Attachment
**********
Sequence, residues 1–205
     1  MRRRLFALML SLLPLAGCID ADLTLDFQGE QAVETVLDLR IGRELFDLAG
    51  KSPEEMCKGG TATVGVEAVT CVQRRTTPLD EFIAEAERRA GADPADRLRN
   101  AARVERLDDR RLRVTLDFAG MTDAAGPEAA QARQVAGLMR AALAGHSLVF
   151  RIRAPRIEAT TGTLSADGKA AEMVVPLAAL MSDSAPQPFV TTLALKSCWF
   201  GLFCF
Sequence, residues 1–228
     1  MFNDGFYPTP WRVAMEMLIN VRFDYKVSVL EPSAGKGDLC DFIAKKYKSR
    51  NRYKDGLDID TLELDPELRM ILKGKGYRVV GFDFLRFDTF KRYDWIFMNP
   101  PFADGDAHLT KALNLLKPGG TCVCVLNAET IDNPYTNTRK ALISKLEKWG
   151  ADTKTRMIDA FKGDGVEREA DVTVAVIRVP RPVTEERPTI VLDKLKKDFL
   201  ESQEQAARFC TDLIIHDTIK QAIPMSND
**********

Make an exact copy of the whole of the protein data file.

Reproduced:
Sequence, residues 1–205
     1  MRRRLFALML SLLPLAGCID ADLTLDFQGE QAVETVLDLR IGRELFDLAG
    51  KSPEEMCKGG TATVGVEAVT CVQRRTTPLD EFIAEAERRA GADPADRLRN
   101  AARVERLDDR RLRVTLDFAG MTDAAGPEAA QARQVAGLMR AALAGHSLVF
   151  RIRAPRIEAT TGTLSADGKA AEMVVPLAAL MSDSAPQPFV TTLALKSCWF
   201  GLFCF
Sequence, residues 1–228
     1  MFNDGFYPTP WRVAMEMLIN VRFDYKVSVL EPSAGKGDLC DFIAKKYKSR
    51  NRYKDGLDID TLELDPELRM ILKGKGYRVV GFDFLRFDTF KRYDWIFMNP
   101  PFADGDAHLT KALNLLKPGG TCVCVLNAET IDNPYTNTRK ALISKLEKWG
   151  ADTKTRMIDA FKGDGVEREA DVTVAVIRVP RPVTEERPTI VLDKLKKDFL
   201  ESQEQAARFC TDLIIHDTIK QAIPMSND